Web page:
Learn About the Law
Get help with your legal needs
Bradley Don CROWELL, Appellant, v. STATE of Oklahoma, Appellee.
ACCELERATED DOCKET ORDER
¶ 1 Appellant, represented by counsel, was convicted in a non-jury trial of Possession of Marijuana in Case No. CM-97-373 in the District Court of Bryan County. Appellant was sentenced to one (1) year, suspended. From this Judgment and Sentence, Appellant appeals.
¶ 2 On appeal Appellant raised five propositions of error, quoted below:
1. Prouse v. Delaware, Brown v. Texas and Michigan v. Sitz, read together establish at least 2 requirements for motorist roadblock-check point to be a reasonable seizure within the Fourth Amendment, which are that (1) there be advance warning, notice, publicity to the public re the block, (2) the conduct of the block be per plan or guideline formulated by other than officers in field conducting block;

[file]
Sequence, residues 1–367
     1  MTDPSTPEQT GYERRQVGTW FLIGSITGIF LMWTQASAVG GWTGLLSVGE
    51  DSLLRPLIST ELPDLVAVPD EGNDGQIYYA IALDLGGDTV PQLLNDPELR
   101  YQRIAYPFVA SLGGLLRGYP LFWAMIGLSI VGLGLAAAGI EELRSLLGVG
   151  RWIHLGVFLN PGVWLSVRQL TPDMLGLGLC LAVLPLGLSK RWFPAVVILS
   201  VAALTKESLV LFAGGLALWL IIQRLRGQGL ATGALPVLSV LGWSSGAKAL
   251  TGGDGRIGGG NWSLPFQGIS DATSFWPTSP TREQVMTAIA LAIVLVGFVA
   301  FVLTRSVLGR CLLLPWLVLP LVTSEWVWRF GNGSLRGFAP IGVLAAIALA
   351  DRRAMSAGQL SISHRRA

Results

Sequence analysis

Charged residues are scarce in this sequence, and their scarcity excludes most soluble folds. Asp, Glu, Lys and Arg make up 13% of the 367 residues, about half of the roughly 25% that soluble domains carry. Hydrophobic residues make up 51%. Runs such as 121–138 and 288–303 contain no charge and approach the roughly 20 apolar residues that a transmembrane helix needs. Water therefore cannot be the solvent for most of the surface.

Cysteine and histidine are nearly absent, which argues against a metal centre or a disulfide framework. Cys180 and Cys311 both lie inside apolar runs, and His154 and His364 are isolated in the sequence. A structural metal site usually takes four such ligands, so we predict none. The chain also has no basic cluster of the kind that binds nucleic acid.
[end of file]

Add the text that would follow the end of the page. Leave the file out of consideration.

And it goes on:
2. The presence and indiscriminate use, without particularized evidence, of a drug dog at ostensibly a license-equipment check point, is highly indicative that block is subterfuge-pretext seizure to attempt to detect drugs;
3. The court erred in excluding Appellant's exhibit, Defendant's exhibit 1;
4. Appellant's in custody statement was inadmissible for failure of record to show/or state to establish that it was preceded by proper advice and waiver of Miranda rights or that it was not product of custodial interrogation and further record shows that even if Appellant otherwise properly Mirandized, taint of illegality of Sitz/drug dog violations had not been attenuated due to contemporaneous time of violations and statement; and
5. Failure to account for whereabouts of and establish who had possession of and chain of custody of evidence for nine months rendered it inadmissible per insufficient predicate and thus State failed to prove each required element, specifically drug element, beyond a reasonable doubt.
¶ 3 Pursuant to Rule 11.2(A)(1), Rules of the Oklahoma Court of Criminal Appeals, Title 22, Ch.18, App. (1998) this appeal was automatically assigned to the Accelerated Docket of this Court. The propositions or issues were presented to this Court in oral argument November 4, 1999, pursuant to Rule 11.2(F). At the conclusion of oral argument, the matter was taken under advisement.